The mighty Reds manage three consecutive league wins for only the second time this season, and the first time in 2023, deservedly, if somewhat belatedly, getting the best of a West Ham side that scored their very first shot, then only managed three in the next 65 minutes.
In any other year, this would have been one of those games in which you know Liverpool will pull out the win eventually, but given the proclivities of the team this season, fans will be inclined to fret, and a very late West Ham surge nearly gave them reason to.
In the end, though, it’s another three points well earned and won, and the Reds climb to sixth place, bypassing Tottenham on goal difference, and sneaking within six points of top four, albeit with one and two more games played then Newcastle and Manchester United, respectively.
Below then, we take a look at some of the winners and losers on the night, and may even give some credit to the officials(!)
Set Pieces: After all three goals against Nottingham Forest at the weekend came courtesy of set pieces, one could be forgiven for thinking a regression might around the corner, but instead Liverpool looked deadly from dead ball situations once again, with Joël Matip’s thumping bullet header coming on the very next corner after the previous one nearly ended in a go-ahead score.
It also marked Andy Robertson’s 57th Premier League assist — a significant number of which have come from the Scot’s set piece deliveries — taking the fullback past Eric Cantona and into 25th place in the all-time rankings. Not bad for a Queen’s Park youth product.
Playmaker: We’re not gonna make too much of Trent Alexander-Arnold’s assist tonight — it was a nice enough pass, but Cody Gakpo finding the bottom corner from 25 yards was by far the most impressive and important part of the play — but after a whole year of team-mates failing to convert his deliveries into goals, Trent has now racked up five assists in his last four games, which is nice.
While this recent boost does coincide with the fullback’s transition into a deep inverted role, it is unlikely there’s much in the way of causation; Trent had only managed two Premier League assists all year up until the Arsenal game, but those had come from an expected assists tally of 6.3. The last five assists have come from an expected assists tally of 2.4. In short, he’s remained one of the best creative players in the world even in a year where the only thing anybody’s wanted to talk about is how bad he is.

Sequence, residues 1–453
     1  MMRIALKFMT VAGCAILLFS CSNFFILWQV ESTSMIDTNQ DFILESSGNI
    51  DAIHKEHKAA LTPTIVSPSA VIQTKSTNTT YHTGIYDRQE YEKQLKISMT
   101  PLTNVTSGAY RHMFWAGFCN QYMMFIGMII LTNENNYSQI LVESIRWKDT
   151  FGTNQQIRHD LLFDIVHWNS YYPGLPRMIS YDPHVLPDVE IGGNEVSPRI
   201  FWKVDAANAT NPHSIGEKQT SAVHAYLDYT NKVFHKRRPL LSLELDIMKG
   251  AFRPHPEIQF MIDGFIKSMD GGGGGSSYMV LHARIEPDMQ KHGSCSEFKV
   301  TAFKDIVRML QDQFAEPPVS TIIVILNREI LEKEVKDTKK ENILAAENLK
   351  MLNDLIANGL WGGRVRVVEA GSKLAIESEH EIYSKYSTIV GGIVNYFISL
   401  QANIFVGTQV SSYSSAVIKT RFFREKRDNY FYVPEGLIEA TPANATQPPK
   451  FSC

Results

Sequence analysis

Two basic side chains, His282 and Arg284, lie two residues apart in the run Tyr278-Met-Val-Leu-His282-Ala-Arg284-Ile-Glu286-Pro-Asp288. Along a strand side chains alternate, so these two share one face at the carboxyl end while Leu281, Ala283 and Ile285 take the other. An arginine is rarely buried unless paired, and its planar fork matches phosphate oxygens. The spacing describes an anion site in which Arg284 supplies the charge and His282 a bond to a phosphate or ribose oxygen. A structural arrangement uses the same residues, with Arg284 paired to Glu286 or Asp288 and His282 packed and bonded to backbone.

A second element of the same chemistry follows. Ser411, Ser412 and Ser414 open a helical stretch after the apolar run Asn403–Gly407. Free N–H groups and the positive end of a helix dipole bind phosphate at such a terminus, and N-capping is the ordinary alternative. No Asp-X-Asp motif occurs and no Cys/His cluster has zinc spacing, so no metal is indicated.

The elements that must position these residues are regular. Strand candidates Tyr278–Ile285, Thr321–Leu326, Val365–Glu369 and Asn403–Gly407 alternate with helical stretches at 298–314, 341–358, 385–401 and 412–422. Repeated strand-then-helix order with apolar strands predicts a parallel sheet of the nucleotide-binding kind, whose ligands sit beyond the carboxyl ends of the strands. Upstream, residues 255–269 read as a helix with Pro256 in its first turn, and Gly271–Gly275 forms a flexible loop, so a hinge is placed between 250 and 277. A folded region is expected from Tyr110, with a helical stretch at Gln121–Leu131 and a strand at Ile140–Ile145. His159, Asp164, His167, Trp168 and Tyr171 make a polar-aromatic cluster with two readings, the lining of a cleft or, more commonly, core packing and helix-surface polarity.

With that said, Trent is definitely influencing games from his new role, racking up incredible amounts of ball control and passing, and tonight he was even more mobile than usual, drifting all the way to the left-side half space when Fabinho floated further up the pitch. It’s also the third match in a row where he leads the team in ball recoveries, as he’s constantly in possession to pick up loose and second balls as teams look to hit the Reds quickly in transition.
There are still questions to be asked about the system — Trent’s landlocked central position means the right-side rotation only contains two players, which leaves Mohamed Salah desperately uninvolved or the team lacking any width on the right flank, for instance — but the Reds’ number 66 appears to be growing into his particular spot, if nothing else.
VAR: Good again tonight. Correctly scratched off Jarrod Bowen’s delightful finish after the winger had strayed a foot or so offside, and didn’t — despite the desperate pleas of the commentators — force an intervention into what was, by the current rules, not even a debatable handball on Thiago as West Ham pushed for a late equaliser.
Big Kav: I spend a lot of time criticising referees on here so it’s only right I give some credit when it’s due. Chris Kavanagh was good tonight. Possibly could have booked Vladimir Coufal for smashing his hip into Diogo Jota’s kidney with no chances at the ball in the first half but otherwise managed the game well, handing out zero cards without letting the match devolve into a brawl.
Diogo No-ta: After scoring four in his last two, Jota missed two sitters tonight, and if he’d tucked them away the match and scoreline would have been a lot more representative and comfortable than they ended up.
Chelsea: Lol. Lmao. Closer to relegation than Europe. They weren’t part of this match, of course, but it’s still worth — or at least a lot of fun — highlighting just what a delightful mess they are.
What Happens Next
The Reds host current Crisis Club Power Rankings No 2 spot holder Tottenham on Sunday, led by Ryan Mason after Daniel Levy sacked his second manager of the season, a perfect set-up for calamity. Spurs will also play Manchester United before then, and despite most likely having eliminated themselves from Champions League contention by conceding over 50 goals in 32 games, the London club may still have a say in how the top four shakes itself out.